Conflict of interest: None
A study of clinical profiles of vitiligo in different ages: an analysis of 669 outpatients
Article first published online: 18 OCT 2013
© 2013 The International Society of Dermatology
International Journal of Dermatology
Volume 53, Issue 7, pages 842–848, July 2014
How to Cite
de Barros, J. C., Filho, C. D. S. M., Abreu, L. C., de Barros, J. A., Paschoal, F. M., Nomura, M. T., Marques, E. and Martins, L. C. (2014), A study of clinical profiles of vitiligo in different ages: an analysis of 669 outpatients. International Journal of Dermatology, 53: 842–848. doi: 10.1111/ijd.12055
- Issue published online: 19 JUN 2014
- Article first published online: 18 OCT 2013
- Manuscript Accepted: 14 OCT 2012
- Manuscript Revised: 16 JUL 2012
- Manuscript Received: 13 AUG 2011
Vitiligo is a skin disorder characterized by achromic macules (white) on the skin and/or mucous membranes, which affects 0.5–2% of the population. Few publications address a vitiligo epidemiological profile worldwide. In Brazil there are only studies in children.
To assess the clinical and epidemiological profile of individuals affected by vitiligo and to evaluate behavior of the disease in different age groups.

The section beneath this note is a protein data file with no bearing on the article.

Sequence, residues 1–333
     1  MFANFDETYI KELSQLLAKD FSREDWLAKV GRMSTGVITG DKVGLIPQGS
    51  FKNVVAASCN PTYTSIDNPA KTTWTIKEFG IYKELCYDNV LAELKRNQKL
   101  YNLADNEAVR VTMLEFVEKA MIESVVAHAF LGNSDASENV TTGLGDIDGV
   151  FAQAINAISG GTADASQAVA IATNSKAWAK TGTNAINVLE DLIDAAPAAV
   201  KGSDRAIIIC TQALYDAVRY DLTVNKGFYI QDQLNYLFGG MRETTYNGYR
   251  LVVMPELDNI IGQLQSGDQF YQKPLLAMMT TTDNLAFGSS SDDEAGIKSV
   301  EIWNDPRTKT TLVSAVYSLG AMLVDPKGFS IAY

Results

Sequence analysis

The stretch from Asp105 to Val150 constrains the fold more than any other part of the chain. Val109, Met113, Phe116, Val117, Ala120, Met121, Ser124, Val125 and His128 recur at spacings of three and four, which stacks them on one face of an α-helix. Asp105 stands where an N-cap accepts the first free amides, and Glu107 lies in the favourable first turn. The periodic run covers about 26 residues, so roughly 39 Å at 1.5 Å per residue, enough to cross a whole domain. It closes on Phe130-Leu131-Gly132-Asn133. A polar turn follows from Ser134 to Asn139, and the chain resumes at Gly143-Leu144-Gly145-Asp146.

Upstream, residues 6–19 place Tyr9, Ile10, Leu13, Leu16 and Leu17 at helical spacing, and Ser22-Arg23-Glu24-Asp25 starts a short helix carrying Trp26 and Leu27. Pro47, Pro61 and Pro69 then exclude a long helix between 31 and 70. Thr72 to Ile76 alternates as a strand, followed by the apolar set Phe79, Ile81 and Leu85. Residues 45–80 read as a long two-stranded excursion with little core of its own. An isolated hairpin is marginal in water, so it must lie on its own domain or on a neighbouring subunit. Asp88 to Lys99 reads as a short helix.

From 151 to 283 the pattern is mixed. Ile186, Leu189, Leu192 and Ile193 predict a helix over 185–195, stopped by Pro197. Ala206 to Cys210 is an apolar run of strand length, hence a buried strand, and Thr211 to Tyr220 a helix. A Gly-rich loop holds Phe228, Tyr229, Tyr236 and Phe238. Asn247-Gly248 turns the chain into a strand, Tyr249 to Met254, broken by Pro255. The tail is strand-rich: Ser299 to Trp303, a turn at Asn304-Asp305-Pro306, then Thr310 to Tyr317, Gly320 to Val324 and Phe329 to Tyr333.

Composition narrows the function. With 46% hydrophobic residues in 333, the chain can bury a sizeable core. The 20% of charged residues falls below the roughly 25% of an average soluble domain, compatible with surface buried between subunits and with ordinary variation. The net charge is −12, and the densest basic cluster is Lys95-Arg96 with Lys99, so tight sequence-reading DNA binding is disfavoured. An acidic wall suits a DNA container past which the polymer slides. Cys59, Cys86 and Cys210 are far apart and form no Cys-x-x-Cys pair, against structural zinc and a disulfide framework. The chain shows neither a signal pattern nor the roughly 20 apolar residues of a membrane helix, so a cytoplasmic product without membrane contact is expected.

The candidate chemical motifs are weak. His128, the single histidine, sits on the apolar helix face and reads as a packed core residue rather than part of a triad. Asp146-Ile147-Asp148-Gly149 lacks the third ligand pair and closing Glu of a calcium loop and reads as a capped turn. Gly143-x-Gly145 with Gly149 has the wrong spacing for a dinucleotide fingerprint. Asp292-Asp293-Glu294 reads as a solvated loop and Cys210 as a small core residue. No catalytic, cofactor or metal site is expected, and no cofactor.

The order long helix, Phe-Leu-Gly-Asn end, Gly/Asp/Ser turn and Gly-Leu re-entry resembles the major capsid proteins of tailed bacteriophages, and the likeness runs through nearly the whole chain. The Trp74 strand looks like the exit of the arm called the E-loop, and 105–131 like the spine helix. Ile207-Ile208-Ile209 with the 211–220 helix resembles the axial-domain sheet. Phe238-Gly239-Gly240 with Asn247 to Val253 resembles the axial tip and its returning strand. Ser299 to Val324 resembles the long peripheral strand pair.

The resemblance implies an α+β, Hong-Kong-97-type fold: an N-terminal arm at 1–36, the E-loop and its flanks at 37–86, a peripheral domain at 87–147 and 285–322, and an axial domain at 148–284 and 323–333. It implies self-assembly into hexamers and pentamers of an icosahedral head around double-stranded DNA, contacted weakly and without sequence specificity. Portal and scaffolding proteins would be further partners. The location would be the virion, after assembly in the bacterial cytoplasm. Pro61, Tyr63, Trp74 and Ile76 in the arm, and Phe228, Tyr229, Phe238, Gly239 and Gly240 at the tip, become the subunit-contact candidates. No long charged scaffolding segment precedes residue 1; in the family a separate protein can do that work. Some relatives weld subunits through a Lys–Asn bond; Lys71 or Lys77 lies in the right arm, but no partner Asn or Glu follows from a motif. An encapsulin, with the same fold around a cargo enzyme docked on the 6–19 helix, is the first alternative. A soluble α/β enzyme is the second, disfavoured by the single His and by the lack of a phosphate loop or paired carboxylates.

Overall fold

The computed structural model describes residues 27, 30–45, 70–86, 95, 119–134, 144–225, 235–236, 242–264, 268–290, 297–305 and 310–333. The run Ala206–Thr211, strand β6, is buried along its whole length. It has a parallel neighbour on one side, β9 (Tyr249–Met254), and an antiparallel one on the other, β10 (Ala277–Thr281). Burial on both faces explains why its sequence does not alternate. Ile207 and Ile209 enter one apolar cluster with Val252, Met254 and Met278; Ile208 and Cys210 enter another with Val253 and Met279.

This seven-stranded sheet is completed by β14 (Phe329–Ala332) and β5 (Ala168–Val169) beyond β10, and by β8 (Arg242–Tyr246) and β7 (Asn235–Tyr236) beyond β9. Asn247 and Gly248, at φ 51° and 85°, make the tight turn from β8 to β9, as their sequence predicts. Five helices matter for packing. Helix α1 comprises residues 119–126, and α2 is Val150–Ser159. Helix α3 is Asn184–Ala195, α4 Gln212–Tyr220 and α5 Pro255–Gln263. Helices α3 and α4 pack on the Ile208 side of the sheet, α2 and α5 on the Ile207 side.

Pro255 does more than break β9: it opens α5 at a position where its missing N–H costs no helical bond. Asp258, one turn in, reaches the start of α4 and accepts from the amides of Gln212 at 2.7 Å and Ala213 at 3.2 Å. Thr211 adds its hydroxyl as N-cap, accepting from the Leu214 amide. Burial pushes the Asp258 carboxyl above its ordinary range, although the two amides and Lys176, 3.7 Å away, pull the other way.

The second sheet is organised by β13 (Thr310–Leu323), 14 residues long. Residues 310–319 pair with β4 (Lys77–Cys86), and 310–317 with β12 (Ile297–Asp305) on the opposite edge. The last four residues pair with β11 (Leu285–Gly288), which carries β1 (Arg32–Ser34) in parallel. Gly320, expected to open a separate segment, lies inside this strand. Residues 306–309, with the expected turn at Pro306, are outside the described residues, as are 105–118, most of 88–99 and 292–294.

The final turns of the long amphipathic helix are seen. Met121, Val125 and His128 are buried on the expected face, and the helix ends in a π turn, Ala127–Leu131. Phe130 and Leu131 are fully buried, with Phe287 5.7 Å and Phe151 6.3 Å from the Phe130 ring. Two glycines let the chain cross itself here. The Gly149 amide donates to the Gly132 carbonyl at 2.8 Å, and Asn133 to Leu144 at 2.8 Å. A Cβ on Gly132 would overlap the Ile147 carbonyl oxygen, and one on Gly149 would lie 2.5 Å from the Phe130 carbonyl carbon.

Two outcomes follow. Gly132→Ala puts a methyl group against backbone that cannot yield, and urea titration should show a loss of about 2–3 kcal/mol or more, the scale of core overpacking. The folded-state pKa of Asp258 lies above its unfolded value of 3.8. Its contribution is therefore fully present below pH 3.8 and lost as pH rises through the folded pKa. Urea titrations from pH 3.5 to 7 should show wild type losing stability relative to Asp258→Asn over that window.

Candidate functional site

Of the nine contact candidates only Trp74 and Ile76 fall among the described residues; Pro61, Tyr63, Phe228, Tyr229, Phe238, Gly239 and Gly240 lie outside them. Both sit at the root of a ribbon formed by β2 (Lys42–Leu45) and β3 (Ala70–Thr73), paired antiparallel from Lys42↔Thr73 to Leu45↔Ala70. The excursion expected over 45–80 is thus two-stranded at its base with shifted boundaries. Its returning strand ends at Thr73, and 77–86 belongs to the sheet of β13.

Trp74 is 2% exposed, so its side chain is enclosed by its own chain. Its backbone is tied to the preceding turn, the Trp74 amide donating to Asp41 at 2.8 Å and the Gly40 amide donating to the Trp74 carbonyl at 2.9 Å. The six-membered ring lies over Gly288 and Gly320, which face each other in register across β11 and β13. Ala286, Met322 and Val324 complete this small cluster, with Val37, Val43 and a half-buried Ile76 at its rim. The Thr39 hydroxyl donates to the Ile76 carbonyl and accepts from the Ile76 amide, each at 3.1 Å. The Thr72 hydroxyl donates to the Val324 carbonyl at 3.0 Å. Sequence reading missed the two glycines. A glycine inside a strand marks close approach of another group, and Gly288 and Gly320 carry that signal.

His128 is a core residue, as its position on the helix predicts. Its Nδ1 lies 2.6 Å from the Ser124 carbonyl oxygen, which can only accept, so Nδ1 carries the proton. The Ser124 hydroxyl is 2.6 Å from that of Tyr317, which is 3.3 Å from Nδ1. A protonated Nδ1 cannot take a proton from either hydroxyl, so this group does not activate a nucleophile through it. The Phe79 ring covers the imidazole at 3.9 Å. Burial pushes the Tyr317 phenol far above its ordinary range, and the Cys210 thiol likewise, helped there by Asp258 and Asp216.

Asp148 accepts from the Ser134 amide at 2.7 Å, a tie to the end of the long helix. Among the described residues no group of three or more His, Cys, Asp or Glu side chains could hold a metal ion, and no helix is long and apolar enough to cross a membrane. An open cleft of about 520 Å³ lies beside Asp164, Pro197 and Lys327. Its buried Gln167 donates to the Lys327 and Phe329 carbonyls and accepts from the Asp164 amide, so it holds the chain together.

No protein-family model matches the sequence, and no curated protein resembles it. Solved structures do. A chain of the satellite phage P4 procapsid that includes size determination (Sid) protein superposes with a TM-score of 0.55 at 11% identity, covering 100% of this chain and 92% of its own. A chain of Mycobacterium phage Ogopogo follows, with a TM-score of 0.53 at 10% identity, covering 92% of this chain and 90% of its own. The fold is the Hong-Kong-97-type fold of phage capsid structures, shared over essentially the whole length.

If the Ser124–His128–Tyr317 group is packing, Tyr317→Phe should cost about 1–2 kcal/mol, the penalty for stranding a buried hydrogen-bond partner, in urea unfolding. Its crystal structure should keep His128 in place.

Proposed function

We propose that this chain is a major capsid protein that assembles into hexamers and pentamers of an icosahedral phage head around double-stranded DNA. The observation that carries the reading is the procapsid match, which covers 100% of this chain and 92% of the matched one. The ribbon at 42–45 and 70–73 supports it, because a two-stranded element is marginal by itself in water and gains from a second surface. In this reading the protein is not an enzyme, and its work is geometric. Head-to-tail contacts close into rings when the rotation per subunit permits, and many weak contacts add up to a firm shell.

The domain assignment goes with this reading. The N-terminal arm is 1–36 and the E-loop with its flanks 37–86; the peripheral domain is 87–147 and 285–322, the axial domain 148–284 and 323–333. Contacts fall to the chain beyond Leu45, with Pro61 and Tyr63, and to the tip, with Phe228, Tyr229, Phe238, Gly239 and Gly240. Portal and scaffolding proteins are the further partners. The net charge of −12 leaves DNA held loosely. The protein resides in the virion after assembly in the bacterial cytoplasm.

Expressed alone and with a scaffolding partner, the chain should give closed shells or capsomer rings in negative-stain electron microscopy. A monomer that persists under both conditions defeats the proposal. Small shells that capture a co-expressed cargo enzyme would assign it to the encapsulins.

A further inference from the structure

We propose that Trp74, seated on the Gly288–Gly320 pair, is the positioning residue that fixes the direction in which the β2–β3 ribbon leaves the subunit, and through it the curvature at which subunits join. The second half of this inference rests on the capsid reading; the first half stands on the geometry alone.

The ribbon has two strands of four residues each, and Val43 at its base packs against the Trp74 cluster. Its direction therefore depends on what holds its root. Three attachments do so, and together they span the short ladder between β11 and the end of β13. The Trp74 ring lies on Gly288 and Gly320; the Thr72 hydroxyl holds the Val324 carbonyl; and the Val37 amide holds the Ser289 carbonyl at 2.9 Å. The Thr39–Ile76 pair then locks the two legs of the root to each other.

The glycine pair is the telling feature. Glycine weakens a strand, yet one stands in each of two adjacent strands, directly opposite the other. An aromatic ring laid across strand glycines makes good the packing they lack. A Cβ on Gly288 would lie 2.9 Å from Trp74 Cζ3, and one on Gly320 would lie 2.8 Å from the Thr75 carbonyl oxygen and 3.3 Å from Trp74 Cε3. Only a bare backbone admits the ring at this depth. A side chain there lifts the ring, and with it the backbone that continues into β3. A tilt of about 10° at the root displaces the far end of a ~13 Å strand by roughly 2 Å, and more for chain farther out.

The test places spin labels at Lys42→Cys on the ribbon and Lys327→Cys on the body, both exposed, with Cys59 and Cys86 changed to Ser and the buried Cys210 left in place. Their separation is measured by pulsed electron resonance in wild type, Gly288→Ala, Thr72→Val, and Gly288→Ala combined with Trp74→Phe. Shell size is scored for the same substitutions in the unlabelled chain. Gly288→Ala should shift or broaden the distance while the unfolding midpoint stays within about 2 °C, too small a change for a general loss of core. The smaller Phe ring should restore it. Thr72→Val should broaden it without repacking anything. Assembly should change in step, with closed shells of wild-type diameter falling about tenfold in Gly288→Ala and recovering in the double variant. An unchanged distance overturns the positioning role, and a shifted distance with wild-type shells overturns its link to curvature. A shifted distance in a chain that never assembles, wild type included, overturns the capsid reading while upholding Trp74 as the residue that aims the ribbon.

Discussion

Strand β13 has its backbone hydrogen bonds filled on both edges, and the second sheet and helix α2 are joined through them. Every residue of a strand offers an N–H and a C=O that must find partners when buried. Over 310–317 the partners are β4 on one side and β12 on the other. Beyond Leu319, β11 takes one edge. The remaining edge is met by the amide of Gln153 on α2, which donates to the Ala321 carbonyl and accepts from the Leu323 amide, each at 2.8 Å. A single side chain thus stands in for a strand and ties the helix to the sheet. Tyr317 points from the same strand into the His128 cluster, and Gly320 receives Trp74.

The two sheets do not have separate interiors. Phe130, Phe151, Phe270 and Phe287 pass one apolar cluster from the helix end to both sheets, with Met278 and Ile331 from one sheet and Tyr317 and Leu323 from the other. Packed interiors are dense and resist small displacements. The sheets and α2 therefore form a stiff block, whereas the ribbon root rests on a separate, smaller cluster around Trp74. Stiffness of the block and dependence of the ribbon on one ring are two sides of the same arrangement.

Materials and methods
We conducted a retrospective cross-sectional study in 669 patients with vitiligo from January 2001 to May 2006, who attended the Faculty of Medicine of ABC, located in the metropolitan region of São Paulo, Brazil.
There was a predominance of females (62.2%) and adult age group (62.5%), with higher prevalence peaks between the second and third decades of life (18.3% and 16.9%, respectively). The most frequent phototype in skin was III (49.9%). Lesions began on the face most commonly in children and adolescents (32.6%) and the elderly (23.3%), and on hands in adults (24.0%). There was a higher prevalence of segmental vitiligo in children and adolescents (36.4%), compared with adults (11.3%) and the elderly (6.7%), and vitiligo with stable evolution was proportionately more frequent in childhood and adolescents (46.2%) than in adults (32.5%) and elderly (36.7%).
Our findings are similar to other countries, mainly regarding the higher prevalence of segmental vitiligo and vitiligo with stable development among children and adolescents.